At a Glance
Student leadership competencies are knowledge, values, abilities and behaviors students can help a student engage in a role or task (Seemiller, 2013). Curricular and co-curricular activities are good ways for students to engage in the student leadership competencies. Students can track these activities and consider how they developed competencies by using their engagement record. To view Iowa's eleven competencies in detail, visit the Competencies page.
While students will have the ability to track and reflect upon experiences and competencies in their engagement record, you can also support the integration of competencies in programs or classes. As you develop future programs and courses, use some of the tips below when considering how you can incorporate the 11 student competencies.
- Mapping: Competencies will be used in various programs across campus. Using shared language will help students understand the skills they are gaining and connect what they are learning in different contexts.
- Naming: Research has shown that explicitly pointing out potential learning opportunities to students is extremely important. “Cueing” students to pay attention can help snap them out of autopilot and get them to intentionally focus on the skills they can acquire.
- Integrating: Competencies can help students make connections across different contexts. Portfolios and capstone experiences can support students in making these connections. Similarly, explicit cues to allow students to reflect on learning experiences can create space for students to make connections between the skills and abilities they have acquired across various curricula and experiences. The goal is to give students the ability to look at a new situation or problem and use prior knowledge and experiences to find a solution.
- Reflecting: Reflection is a critical part of developing competencies as it teaches students to consider how they learn and how different experiences have assisted in their learning. However, reflection is a metacognitive skill and requires practice. Structuring time and space for students to reflect can help them develop this skill. Consider asking students to respond to a prompt or question or having a group discussion at the end of an experience.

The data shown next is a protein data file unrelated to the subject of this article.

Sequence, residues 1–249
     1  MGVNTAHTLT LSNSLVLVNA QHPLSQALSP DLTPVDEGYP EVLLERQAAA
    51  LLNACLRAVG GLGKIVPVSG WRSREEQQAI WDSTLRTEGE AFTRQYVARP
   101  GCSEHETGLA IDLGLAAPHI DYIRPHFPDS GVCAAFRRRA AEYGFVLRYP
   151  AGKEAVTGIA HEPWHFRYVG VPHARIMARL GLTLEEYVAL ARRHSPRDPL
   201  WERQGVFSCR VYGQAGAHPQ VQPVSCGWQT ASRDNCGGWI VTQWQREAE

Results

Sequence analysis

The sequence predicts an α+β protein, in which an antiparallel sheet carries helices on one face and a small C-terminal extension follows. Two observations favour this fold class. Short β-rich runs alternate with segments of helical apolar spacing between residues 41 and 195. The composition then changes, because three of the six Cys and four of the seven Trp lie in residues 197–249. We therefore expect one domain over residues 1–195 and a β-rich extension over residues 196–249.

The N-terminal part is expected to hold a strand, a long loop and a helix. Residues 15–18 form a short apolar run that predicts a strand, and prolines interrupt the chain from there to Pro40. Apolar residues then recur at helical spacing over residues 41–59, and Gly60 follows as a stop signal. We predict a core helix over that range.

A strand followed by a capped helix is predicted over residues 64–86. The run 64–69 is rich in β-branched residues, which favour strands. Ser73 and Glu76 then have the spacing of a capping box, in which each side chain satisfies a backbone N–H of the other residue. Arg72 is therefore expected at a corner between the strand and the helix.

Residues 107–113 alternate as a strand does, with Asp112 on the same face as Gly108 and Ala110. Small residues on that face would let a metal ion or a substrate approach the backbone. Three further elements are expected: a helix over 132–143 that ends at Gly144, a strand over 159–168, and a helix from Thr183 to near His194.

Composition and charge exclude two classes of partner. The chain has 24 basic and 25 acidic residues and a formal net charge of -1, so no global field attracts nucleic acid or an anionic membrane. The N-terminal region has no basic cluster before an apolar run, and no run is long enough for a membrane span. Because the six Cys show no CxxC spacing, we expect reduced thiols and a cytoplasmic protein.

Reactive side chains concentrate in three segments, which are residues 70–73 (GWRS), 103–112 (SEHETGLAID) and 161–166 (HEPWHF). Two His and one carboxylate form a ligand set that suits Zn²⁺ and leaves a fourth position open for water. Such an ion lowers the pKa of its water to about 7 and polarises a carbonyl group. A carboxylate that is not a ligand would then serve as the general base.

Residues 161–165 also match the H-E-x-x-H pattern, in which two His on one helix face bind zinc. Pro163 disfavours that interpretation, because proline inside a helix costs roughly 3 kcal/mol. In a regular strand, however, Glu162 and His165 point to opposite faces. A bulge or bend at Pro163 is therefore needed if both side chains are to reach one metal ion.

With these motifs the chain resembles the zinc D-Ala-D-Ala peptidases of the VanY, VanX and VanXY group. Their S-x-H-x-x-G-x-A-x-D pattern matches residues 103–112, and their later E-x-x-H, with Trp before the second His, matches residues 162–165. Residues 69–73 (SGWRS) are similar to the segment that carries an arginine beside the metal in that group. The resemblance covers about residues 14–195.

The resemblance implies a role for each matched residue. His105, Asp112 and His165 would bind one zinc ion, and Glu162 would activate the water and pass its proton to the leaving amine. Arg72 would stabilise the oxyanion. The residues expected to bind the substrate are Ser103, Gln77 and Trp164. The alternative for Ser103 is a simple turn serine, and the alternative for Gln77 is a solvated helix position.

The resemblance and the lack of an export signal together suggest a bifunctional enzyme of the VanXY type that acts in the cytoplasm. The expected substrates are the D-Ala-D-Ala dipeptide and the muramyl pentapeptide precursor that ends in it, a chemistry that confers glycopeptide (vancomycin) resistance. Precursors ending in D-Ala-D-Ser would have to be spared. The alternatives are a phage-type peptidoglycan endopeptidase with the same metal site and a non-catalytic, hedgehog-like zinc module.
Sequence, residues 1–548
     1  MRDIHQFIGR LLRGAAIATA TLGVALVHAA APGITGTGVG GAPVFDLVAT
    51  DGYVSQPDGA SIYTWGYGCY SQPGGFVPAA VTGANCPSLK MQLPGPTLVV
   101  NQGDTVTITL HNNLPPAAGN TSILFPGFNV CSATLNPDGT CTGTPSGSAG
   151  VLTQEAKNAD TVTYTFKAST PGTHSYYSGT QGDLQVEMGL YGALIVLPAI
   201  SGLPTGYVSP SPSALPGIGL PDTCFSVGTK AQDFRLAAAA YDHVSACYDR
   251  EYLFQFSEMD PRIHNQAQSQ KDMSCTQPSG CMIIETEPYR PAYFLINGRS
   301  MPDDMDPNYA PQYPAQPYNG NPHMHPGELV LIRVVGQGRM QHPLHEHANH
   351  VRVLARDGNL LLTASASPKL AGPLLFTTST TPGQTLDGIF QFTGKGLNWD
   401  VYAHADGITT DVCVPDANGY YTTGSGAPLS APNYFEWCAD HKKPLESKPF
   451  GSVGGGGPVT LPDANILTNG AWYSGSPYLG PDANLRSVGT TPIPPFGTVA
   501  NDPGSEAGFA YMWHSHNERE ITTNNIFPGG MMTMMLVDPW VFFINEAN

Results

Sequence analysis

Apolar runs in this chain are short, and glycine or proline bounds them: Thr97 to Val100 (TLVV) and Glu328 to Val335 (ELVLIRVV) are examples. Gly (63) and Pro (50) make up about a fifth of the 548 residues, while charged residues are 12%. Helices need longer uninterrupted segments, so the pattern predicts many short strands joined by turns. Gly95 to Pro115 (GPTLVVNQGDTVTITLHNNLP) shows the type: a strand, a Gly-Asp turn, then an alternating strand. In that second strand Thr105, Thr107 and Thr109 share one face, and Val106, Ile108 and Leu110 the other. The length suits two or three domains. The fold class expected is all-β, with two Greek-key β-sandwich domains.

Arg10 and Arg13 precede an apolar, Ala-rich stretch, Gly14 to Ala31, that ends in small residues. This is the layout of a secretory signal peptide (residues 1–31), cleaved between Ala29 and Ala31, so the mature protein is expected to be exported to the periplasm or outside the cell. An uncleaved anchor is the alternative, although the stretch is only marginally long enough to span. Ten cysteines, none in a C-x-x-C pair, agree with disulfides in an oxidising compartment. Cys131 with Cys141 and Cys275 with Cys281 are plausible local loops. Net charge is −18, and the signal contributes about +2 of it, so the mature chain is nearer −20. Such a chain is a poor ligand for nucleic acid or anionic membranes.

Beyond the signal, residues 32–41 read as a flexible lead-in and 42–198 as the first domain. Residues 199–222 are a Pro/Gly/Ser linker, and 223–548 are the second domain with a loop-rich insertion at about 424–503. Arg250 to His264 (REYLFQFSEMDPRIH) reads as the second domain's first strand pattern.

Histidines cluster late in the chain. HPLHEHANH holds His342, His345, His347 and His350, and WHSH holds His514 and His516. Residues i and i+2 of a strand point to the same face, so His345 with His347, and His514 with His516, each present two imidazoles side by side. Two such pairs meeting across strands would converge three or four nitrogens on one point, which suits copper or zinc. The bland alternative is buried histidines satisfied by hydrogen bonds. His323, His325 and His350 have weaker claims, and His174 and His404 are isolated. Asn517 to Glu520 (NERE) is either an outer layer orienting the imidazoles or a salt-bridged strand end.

Learn more about incorporating competencies in the Incorporating Competency Guide and with the following resources for specific opportunities:
- Competencies and Academic Advising
- Competencies and Career Advising
- Competencies and Student Employment
- Competencies and Student Leadership
- Competencies and Student Activities
Assessing the effectiveness of the competencies is an essential part of their integration into the student experience. At the end of an experience, students should perform some self-reflection through a semi-structured assessment. Self-evaluations can be helpful, as can writing prompts or discussion questions. Consider using some of the following questions when helping students assess their learning and development.
- What skills do you think you will develop as a result of participating in this [experience]?
- Write about a skill that you have developed as a result of this [experience].
- What does it look like to effectively utilize [competency]?
- When have you used [competency] inside and outside the classroom?
- What have you learned here [in this experience] about [competency] that you think might be helpful in your [academic courses, co-curricular involvement, job, future career]?
- How might you continue to develop [competency] in the future?
- What challenges have you experienced developing [competency]?
- How would you describe your skills in [competency] on your resume or during a job interview?
Dr. Corey Seemiller developed student leadership competencies from analysis of more than 605 accredited academic programs in higher education. As a result of her studies, Seemiller developed 60 essential leadership competencies for the 21st century (2013).
Student leadership competencies can be used to help develop programs, courses and experiences that are more meaningful and helpful for students, as well as create cross-curricular connections for students. The competencies can also be a useful tool for educators or supervisors to assess the learning and development of students and to encourage students to self-reflect and learn to apply the knowledge, values, abilities and behaviors they have learned in future contexts.